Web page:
Are The Fire-Breathing Can-Am Monsters The Best Race Cars Ever Made?
Photography by Nat Twiss
With their cheese wedge shapes, mile-wide tires, and beautiful velocity stacks to top their monstrous motors, I’m inclined to say that Can-Am cars are some of the most attractive racers ever built.
If you’re unfamiliar with the Canadian-American Challenge Cup, it was a series that ran through the ’60s to the ’80s, in the United States and Canada, hence the nickname, Can-Am. We were very, very lucky to see these cars tear around Brands Hatch last month at the Historic Festival, and boy, it a fun experience.
So: the cars. These beasts pushed up to 1,500 horsepower in qualifying trim, from colossal high-displacement engines. Thor himself would be proud of the noise of these things. These may have been the rawest, fastest cars to ever race. Think Group B levels of insanity, but without the need to make homologation specials, with the benefit of traction. Lighter, faster, more aerodynamic. Costs inflated to massive levels, with technological advances like ground effect, turbo, and aerospace materials.
And they raced wheel to wheel, unlike your favorite gravel-launching rally car.
Every great name in sports cars was represented, from McLaren, to Porsche, Lola, and Ferrari. Big-name drivers like Jacky Ickx rounded out the final years of the series, while the early days were dominated by legends like Denny Hulme and Bruce McLaren, the latter of whom lost his life while testing a Can-Am racer at Goodwood.
That’s why seeing these cars race at one of the most beautiful, undulating, and importantly, untouched, venues in Europe was such a special moment. You see, the European version of Can-Am, called Interseries, wasn’t quite as successful, or memorable as its stateside counterpart. As a result, few historic events have Can-Am cars on display, let alone racing. Here, to have a sizeable grid of them is a rare thing indeed.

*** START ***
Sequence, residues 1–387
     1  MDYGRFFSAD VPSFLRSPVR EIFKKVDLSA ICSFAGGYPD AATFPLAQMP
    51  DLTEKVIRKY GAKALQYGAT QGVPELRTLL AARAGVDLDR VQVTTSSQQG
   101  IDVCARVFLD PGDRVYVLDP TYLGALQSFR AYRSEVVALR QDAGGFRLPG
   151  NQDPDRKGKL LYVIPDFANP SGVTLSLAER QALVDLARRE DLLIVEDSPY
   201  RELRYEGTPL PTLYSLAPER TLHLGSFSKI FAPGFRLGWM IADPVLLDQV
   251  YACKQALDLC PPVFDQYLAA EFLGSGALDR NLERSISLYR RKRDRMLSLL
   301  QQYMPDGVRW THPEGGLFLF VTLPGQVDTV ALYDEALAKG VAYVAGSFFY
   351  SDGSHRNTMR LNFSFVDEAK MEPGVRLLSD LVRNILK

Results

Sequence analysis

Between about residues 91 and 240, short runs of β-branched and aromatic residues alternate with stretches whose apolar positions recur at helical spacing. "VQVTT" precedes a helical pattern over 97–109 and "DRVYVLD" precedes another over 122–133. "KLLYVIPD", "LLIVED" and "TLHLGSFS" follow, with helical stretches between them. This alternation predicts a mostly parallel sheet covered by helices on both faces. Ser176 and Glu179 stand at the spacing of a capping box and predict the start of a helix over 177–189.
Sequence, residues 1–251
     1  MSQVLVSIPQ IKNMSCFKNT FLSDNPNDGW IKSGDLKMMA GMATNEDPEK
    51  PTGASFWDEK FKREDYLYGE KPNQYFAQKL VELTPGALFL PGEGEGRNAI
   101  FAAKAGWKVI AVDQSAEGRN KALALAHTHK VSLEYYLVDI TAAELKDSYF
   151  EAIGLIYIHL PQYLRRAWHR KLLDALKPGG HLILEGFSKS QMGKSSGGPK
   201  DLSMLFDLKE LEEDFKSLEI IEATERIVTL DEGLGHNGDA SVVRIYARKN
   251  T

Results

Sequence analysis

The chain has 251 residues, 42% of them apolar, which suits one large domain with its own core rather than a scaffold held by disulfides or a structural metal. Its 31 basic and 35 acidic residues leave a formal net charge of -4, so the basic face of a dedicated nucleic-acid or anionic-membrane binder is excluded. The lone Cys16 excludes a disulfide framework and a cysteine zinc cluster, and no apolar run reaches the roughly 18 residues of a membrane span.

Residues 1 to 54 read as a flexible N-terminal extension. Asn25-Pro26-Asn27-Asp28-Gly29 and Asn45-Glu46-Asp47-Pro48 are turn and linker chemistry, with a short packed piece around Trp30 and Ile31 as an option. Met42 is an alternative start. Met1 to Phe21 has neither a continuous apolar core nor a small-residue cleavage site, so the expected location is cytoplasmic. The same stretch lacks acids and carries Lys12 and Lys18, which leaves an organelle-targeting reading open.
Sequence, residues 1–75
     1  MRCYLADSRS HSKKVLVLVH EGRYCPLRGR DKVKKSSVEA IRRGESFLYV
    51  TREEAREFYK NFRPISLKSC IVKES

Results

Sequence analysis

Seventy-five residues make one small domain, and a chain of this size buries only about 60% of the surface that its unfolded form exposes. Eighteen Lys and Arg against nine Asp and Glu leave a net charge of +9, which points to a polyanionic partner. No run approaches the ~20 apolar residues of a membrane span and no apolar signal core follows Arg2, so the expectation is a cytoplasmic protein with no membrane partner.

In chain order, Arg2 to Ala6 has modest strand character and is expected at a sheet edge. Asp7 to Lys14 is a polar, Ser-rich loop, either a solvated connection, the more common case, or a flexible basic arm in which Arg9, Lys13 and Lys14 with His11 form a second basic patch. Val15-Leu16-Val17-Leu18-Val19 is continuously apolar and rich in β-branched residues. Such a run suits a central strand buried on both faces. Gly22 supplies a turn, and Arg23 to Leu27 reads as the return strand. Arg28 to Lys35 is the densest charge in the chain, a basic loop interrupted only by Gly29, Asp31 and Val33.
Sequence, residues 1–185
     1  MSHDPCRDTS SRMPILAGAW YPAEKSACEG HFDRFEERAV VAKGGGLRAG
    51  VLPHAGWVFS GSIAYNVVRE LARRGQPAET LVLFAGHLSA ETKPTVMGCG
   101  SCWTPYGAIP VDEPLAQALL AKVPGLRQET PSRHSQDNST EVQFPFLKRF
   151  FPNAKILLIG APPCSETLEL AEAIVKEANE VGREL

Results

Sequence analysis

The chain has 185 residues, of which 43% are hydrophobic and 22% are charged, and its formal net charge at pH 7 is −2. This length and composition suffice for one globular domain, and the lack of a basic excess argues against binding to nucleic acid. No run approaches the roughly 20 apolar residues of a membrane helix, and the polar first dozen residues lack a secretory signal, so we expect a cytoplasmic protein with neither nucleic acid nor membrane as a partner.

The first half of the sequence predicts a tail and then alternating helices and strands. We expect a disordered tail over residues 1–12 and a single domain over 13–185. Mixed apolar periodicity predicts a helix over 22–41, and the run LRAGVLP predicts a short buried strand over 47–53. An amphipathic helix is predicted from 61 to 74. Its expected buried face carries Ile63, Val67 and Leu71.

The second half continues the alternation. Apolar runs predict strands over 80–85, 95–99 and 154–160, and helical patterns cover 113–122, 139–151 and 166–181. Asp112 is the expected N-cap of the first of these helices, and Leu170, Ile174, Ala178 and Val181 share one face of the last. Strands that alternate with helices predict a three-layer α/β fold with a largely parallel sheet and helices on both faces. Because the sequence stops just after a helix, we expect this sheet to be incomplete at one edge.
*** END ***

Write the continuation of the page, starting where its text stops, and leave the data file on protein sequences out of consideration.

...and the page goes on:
These wedged racers are the perfect reminder of a forgotten era, where limits of possibility and engineering were pushed each weekend.
Hearing the thunderous, massive engines reverberate through the woods before a pack of cars crest over the hill is a sight I won’t forget soon, and neither is the guttural pounding felt when one of these monsters starts up in the pitlane. A bit of suspension of disbelief goes a long way, and it wasn’t hard to image the woods and crests at Brands as those of a circuit like Mid-Ohio and Watkins Glen, or Mosport in Canada. I have a sneaking suspicion that this taster hasn’t quite satiated my appetite for these monsters, however. Perhaps I’ll have to head across the Atlantic to venture into their natural habitat.
Does Can-Am captivate you as much as I think it does?